The SocEnt model with its clean compliance to highest regulatory standards, ability to raise money within their home countries by interacting with and involving citizens, willingness to work collaboratively with the government and private sector on core changemaking issues in a team of teams manner, engaging decision-makers through ideological-neutral political advocacy designed to jointly arrive at creating common grounds for purposeful and meaningful action has emerged as a far superior model than the traditional 20th Century activism-based NGO model.

The combustion of technology with social innovation has enhanced a citizen’s ability to self-represent. The Citizen does not need a NGO to represent her cause anymore. Similarly, The Citizen does not need media which merely bridges the information gap between her and an event. The bottom-line is that the sell-by date of NGOs structured as independent organizations representing the voice of the marginalized, unheard and voiceless is over.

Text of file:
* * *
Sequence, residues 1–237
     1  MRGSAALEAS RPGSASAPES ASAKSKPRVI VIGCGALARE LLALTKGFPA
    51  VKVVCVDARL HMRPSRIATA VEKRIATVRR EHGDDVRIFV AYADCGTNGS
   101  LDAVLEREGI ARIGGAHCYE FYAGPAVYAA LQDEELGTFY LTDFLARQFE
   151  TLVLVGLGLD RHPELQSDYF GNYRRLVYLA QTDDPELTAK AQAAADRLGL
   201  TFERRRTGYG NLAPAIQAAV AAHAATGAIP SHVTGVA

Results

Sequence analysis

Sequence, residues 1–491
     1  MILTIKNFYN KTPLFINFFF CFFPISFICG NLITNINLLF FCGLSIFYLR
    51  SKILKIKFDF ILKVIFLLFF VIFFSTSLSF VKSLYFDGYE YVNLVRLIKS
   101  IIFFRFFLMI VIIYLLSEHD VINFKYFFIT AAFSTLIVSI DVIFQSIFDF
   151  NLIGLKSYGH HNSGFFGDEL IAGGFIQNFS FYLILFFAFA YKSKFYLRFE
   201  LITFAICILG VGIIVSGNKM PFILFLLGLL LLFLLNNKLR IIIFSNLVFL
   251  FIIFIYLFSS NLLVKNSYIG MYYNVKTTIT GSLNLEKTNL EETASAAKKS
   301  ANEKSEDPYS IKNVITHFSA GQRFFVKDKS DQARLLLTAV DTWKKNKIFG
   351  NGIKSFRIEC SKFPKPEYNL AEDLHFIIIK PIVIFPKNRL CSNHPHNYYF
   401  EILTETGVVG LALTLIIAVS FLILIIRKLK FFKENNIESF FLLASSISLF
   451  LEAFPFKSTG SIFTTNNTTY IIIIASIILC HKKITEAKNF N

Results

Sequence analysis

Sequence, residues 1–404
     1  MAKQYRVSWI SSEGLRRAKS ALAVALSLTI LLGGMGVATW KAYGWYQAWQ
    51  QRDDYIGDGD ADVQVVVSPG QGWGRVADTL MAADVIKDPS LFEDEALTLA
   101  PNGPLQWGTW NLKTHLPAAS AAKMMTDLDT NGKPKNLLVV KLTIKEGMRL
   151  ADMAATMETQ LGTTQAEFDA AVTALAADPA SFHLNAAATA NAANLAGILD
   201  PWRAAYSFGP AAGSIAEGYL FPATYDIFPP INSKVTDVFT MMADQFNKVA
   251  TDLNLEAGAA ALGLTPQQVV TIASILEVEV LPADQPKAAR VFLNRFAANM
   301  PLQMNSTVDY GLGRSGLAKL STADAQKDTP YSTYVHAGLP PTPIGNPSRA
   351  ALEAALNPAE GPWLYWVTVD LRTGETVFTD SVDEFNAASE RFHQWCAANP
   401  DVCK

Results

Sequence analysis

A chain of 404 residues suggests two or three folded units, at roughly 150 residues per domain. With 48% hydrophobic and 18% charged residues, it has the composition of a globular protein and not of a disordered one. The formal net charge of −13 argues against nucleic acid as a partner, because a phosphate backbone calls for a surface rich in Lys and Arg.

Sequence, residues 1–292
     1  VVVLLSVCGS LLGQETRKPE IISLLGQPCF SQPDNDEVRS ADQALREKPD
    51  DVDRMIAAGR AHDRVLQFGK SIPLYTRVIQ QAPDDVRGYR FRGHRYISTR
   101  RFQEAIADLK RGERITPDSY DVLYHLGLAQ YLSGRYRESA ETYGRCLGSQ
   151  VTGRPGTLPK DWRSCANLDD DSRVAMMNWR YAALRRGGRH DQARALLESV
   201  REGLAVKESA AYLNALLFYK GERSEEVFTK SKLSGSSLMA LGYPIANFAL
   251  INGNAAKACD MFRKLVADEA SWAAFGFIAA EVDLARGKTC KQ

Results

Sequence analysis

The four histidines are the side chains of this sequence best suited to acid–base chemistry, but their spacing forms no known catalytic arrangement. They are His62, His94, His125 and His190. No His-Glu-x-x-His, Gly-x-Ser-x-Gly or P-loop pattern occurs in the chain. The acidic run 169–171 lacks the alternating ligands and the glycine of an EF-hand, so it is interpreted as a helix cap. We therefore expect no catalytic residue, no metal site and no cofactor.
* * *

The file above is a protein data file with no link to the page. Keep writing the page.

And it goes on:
It is, of course, a no-brainer that NGOs have thrived in democracies because they simply cannot survive in dictatorships, theocratic States or any other non-democratic regime. NGOs were designed as legitimate institutions, like the media, which make the scaffolding encasing democratic societies. In the 20th Century these organizations were considered an essential part of the institutional framework, part of democracy’s scaffolding, which would channelize the voice of the voiceless, the poor, indigent and marginalized. Therefore, NGOs were focussed on mobilizing people they represented. Soon NGOs started building constituencies of people they represented. Their business model was built on ‘Activism’ and ‘Agitation’.